Saturday, April 28, 2012

The Race is On

Now that Romney's nomination has become a certainty, we've got about six months ahead of us where the two candidates engage in a race to the bottom.  As the saying goes, the only ones certain to lose this race are the American people.  Liberal friends have recently asked me about my previous statement that I plan to vote for a third party candidate rather than "risk" a Romney presidency.  And while I understand their fear, I feel that keeping Obama for another four years is a disaster in its own right, and a campaign slogan of "The Less Disastrous" candidate doesn't sell me.

There's a new opinion piece that unequivocally puts the blame on the dysfunction in government squarely at the feet of the Republicans.  And as far as it goes, I have no qualms with its assertions -- in Congress, the Republicans are determined to be obstructionist and unreasonable.  But I've seen folks point to that article as a defense of Obama's record, and I think that's ridiculous.  The Obama Administration has the power to do many things.  Many of the things he has done (or failed to do when he could do them) are abominable.

Suppose there was no limit on how many terms a president could serve, and W not only ran but won re-election in 2008.  And suppose that he's running for office again in 2012, and in the past four years, his administration:

Some of these are more important than others, but this record is awful -- I would never consider voting for Bush with that record behind him (and I'm sure I'm forgetting plenty -- these are just the ones that come to mind, and so they're slanted toward more recent events).  Yet these are things that Obama has done (follow the links) -- not Congress or Republicans, but Obama.  That the name and party behind those in/actions is different gives me no reason to reconsider my position.  Nor does the fact that in some instances Republicans have proposed even more radical things.  Even the fact that Obama can both nominate federal judges and serve as a check against such radical proposals is inadequate given how awful he's been without Republican involvement.

Of course I've focused on the bad, and it's only fair to consider the good he's done.  Sadly, many of the good things he's done are qualified successes.  The two unqualified things I give credit for are signing into law the Lily Ledbetter Fair Pay Act, and nominating Justice Sotomayor for the Supreme Court.  The stimulus bill was a lot better than nothing, but it was still too small and poorly designed to get us out of the recession, and its effect was dampened by deficit deals he later made.  Health care reform was a lovely idea, but the law that got enacted is from a template from the very conservative Heritage Foundation, and keeps getting watered down.  Leaving Iraq is a good thing, if you overlook  that the Obama Administration tried to stay longer (ironically, it was bound by an agreement made by Bush that the Iraqis wouldn't budge on).  The Dodd-Frank Act may be an improvement over the status quo (or not, I'm honestly not sure), but what it mostly did was create confusion and give industry a chance to negate its effect.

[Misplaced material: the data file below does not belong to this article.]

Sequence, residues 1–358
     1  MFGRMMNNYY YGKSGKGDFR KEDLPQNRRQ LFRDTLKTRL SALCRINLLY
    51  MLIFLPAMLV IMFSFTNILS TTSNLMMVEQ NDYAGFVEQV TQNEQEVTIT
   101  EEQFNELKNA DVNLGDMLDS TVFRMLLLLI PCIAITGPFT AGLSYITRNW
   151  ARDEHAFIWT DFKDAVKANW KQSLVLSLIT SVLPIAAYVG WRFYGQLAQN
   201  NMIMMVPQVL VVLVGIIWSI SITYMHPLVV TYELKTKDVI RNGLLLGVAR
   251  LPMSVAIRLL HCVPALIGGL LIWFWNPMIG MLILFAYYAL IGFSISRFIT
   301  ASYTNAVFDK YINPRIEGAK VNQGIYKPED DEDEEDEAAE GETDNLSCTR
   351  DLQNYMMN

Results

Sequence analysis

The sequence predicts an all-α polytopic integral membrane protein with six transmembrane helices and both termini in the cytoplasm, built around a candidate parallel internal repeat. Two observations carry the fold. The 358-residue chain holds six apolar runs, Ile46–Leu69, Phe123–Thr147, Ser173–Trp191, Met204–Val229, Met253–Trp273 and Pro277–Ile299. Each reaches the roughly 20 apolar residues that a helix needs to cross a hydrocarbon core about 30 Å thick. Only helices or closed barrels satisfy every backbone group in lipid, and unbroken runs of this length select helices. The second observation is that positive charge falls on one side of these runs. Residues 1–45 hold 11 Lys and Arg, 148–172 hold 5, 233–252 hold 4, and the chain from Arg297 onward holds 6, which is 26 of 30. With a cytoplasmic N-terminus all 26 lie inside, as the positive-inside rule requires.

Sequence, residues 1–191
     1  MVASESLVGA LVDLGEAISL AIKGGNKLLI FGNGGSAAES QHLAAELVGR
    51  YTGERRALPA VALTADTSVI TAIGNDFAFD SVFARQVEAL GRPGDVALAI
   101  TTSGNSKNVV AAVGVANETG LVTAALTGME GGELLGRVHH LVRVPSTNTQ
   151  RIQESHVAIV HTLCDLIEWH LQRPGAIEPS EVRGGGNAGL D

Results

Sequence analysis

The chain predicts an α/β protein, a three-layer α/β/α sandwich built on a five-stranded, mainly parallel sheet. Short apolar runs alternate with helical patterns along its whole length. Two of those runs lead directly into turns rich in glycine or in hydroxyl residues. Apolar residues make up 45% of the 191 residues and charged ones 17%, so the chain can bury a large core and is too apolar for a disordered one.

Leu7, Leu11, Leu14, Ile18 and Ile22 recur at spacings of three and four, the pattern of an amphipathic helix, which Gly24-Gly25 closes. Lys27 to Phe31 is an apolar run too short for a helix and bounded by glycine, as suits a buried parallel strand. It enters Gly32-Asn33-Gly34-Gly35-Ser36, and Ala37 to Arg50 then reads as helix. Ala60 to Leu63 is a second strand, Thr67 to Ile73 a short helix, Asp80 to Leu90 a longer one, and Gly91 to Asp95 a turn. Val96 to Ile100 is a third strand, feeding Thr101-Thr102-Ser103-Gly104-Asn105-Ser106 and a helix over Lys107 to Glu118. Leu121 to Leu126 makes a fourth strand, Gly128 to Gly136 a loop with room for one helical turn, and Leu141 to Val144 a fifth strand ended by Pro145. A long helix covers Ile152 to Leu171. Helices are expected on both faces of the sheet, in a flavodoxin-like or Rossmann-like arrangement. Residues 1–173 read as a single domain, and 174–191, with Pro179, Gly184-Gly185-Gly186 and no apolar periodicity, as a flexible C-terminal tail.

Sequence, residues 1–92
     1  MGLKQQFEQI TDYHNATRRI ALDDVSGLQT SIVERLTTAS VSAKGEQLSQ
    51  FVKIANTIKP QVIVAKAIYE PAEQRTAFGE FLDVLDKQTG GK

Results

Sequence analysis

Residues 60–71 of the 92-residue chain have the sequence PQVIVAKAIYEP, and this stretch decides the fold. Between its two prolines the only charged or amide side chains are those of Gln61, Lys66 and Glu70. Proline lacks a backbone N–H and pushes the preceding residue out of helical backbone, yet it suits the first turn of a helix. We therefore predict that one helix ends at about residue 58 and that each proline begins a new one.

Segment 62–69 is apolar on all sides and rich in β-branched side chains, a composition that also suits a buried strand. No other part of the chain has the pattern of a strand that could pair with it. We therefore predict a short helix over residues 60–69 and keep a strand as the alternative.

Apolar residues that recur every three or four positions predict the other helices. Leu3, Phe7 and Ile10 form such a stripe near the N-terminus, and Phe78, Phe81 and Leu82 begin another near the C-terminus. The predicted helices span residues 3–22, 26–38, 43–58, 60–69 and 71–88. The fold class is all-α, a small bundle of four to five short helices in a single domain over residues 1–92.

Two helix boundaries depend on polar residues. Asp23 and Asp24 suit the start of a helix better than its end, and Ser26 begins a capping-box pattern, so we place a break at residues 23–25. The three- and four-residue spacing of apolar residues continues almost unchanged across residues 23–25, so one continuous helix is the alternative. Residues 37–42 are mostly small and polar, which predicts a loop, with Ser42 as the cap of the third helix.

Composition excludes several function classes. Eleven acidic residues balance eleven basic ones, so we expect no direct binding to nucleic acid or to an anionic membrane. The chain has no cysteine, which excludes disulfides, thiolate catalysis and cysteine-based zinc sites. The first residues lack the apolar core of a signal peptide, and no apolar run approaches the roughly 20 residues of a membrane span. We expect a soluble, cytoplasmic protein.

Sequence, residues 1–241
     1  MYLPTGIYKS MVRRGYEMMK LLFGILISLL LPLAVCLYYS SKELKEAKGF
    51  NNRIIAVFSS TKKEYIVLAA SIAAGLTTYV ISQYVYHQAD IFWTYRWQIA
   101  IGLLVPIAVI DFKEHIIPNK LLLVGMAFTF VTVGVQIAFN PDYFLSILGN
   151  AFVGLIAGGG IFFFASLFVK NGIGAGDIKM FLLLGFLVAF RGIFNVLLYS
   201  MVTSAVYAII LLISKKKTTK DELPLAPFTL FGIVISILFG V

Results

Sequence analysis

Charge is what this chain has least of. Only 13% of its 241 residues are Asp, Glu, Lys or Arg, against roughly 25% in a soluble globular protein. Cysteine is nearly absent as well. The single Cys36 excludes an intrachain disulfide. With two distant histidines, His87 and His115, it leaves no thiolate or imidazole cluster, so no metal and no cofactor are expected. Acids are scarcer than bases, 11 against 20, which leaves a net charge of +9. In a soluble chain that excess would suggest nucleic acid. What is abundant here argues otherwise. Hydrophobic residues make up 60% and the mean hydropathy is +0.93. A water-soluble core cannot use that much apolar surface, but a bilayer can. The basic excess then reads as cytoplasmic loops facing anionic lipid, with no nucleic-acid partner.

I have a couple of individuals I'm considering voting for.  But I can safely say that the person I'll decide on isn't the nominee of a major party.

Thursday, April 12, 2012


Kathy stopped work in June to be a full-time stay-at-home Mom, and we started living on a budget last April in anticipation.  Suddenly, the money we were permitted to spend on ourselves was restricted significantly.  It had never been limitless, but we've always been fairly responsible to the point that we never really felt restricted.  We feel it now.

And so my trips to buy new beers have dropped off -- hard to keep to a budget when a stop at State Line eats up all your money for a month.  And even though I spend far less per visit to one of my favorite bars than I do at State Line, those trips have tapered off too.  To be honest though, that started in earnest when I went on a diet at the first of the year.  

At the same time as I've been cutting back on beer geekery, I've been undergoing (as Kathy put it) my once-a-decade move to a new online community.  In the '90s, it was jumbalaya, a community of people who like playing boggle.  In the '00s, it was ratebeer, a community of beer geeks.  In both these instances, I've made a number of friends that extended beyond the virtual into the real world.  

And now, I've discovered, a music site where you dj for others in a chat room.  I'm finding new music, and meeting folks who enjoy the same music I do.  Given that I love music but had given up on radio long ago, this is a wonderful discovery.  And let's face it, listening to music in a chat room costs no more than one's internet connection, whereas there's only so much enjoyment one can get talking about new beers without spending on the beer itself.

And so instead of spending on beer as much, I'm now spending on concerts.  I spent about the same at each of two shows in March as I would have for a night at a bar.  And while I can't remember a single beer I had the last time I went to my favorite beer bar, I expect the great memories of the last show I attended, Langhorne Slim at Iota, will be with me for quite some time.  

I haven't stopped there either -- my passion has resulted in our summer plans including a trip to a music festival.  We'll see how it goes with the whole family camping at a four-day music fest, but fingers crossed it's the beginning of a family tradition.

This isn't about a rejection of beer -- I'll still drink and rate beer as the opportunities arise (and for the fifth year in a row, we'll still be doing at least one camping beer weekend).  I would love to try more beers and go to a bunch of shows, but the budget and the time isn't available.  And at this point in my life, to the extent I have to choose, I'm choosing music over beer.